Not too long ago, both liberals and conservatives were oriented to some kind of common social good. Liberals pushed for what they considered to be “social justice.” Conservatives emphasized patriotism and worked for cultural stability. Today, both sides frame their arguments in terms of personal liberty and individual rights (gay rights, abortion rights, reproductive freedom, etc., vs. parental rights, religious liberty, gun rights, free markets, etc.).
Is that an advance? Perhaps it is. But did you notice that when we recently discussed Iceland’s attempt to battle pornography, hardly any of us–social conservatives mostly, me included–were able to come up with any way to oppose it legally. Even as we were decrying pornography and admitting how socially harmful it is, we could only conceive of the issue in terms of first amendment rights. On another blog that discussed Iceland’s policies, someone defended pornography on the grounds that we must not interfere with free market economics, that the demand must call forth a supply.
Then I was part of a discussion of Alexander Solzhenitsyn’s graduation address at Harvard University in 1978. In that talk, the exiled Russian author who spent nearly a decade in the Soviet gulag and whose dissident writings helped bring about the fall of Communism, said why he would not recommend that his country, once free, emulate the modern West. One reason he gave is that western societies have become “legalistic”; that is, our societies have replaced morality with laws. And societies cannot protect themselves with laws alone.
From Solzhenitsyn’s Harvard Address:
Western society has given itself the organization best suited to its purposes, based, I would say, on the letter of the law. The limits of human rights and righteousness are determined by a system of laws; such limits are very broad. People in the West have acquired considerable skill in using, interpreting and manipulating law, even though laws tend to be too complicated for an average person to understand without the help of an expert. Any conflict is solved according to the letter of the law and this is considered to be the supreme solution. If one is right from a legal point of view, nothing more is required, nobody may mention that one could still not be entirely right, and urge self-restraint, a willingness to renounce such legal rights, sacrifice and selfless risk: it would sound simply absurd. One almost never sees voluntary self-restraint. Everybody operates at the extreme limit of those legal frames. An oil company is legally blameless when it purchases an invention of a new type of energy in order to prevent its use. A food product manufacturer is legally blameless when he poisons his produce to make it last longer: after all, people are free not to buy it.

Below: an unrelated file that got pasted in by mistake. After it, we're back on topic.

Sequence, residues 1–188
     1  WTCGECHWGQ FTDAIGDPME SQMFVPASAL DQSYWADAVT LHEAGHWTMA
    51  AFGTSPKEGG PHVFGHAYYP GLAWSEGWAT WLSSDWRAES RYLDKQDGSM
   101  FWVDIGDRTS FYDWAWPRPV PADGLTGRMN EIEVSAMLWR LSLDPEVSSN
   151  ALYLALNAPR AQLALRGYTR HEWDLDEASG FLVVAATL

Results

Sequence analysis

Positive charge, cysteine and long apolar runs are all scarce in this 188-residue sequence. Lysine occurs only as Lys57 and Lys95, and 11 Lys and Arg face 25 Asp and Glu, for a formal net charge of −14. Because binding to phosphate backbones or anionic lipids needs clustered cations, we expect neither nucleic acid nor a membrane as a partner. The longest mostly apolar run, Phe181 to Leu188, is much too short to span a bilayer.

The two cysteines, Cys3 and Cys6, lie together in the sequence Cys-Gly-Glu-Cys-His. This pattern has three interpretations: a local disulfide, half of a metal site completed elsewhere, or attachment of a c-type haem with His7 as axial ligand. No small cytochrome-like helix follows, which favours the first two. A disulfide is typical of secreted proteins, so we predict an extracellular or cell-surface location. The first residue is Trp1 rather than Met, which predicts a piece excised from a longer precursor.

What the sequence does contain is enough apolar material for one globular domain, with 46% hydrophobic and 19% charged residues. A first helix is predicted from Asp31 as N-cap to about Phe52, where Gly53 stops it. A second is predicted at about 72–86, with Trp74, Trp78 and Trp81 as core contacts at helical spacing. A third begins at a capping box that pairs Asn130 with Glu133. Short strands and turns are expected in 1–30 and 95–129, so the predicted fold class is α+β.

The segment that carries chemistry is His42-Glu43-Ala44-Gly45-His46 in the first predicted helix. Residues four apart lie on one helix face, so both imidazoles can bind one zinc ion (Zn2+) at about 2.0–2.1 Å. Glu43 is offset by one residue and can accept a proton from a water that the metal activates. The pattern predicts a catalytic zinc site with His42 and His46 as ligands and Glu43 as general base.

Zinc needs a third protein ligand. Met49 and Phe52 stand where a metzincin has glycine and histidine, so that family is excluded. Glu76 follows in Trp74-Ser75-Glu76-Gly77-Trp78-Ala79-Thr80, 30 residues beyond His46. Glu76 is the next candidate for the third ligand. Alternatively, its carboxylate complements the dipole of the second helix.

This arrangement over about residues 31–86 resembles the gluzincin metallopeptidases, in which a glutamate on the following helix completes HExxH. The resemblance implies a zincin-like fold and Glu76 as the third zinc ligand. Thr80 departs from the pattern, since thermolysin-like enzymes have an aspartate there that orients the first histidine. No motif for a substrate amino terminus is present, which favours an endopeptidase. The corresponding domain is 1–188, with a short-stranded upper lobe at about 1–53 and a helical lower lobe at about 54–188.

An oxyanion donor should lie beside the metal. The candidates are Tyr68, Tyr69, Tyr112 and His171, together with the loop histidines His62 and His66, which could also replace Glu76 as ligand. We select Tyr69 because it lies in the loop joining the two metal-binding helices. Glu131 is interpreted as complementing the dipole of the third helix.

I have spent all my life under a communist regime and I will tell you that a society without any objective legal scale is a terrible one indeed. But a society with no other scale but the legal one is not quite worthy of man either. A society which is based on the letter of the law and never reaches any higher is taking very scarce advantage of the high level of human possibilities. The letter of the law is too cold and formal to have a beneficial influence on society. Whenever the tissue of life is woven of legalistic relations, there is an atmosphere of moral mediocrity, paralyzing man’s noblest impulses.
And it will be simply impossible to stand through the trials of this threatening century with only the support of a legalistic structure.
In today’s Western society, the inequality has been revealed of freedom for good deeds and freedom for evil deeds. A statesman who wants to achieve something important and highly constructive for his country has to move cautiously and even timidly; there are thousands of hasty and irresponsible critics around him, parliament and the press keep rebuffing him. As he moves ahead, he has to prove that every single step of his is well-founded and absolutely flawless. Actually an outstanding and particularly gifted person who has unusual and unexpected initiatives in mind hardly gets a chance to assert himself; from the very beginning, dozens of traps will be set out for him. Thus mediocrity triumphs with the excuse of restrictions imposed by democracy. . . .
Society appears to have little defense against the abyss of human decadence, such as, for example, misuse of liberty for moral violence against young people, motion pictures full of pornography, crime and horror. It is considered to be part of freedom and theoretically counter-balanced by the young people’s right not to look or not to accept. Life organized legalistically has thus shown its inability to defend itself against the corrosion of evil.
Of course, government with its laws is not supposed to be the only social institution, even though currently government tends to ascribe all social responsibilities to itself. Other institutions–such as the family, the church, and the array of voluntary associations–seem to be weak and struggling right now. But perhaps they can be revitalized.
So let’s reframe our earlier discussion. Given that pornography is socially, as well as individually, harmful, what might be done to combat it other than the seemingly unthinkable task of making it illegal? What can families, churches, and non-government organizations do?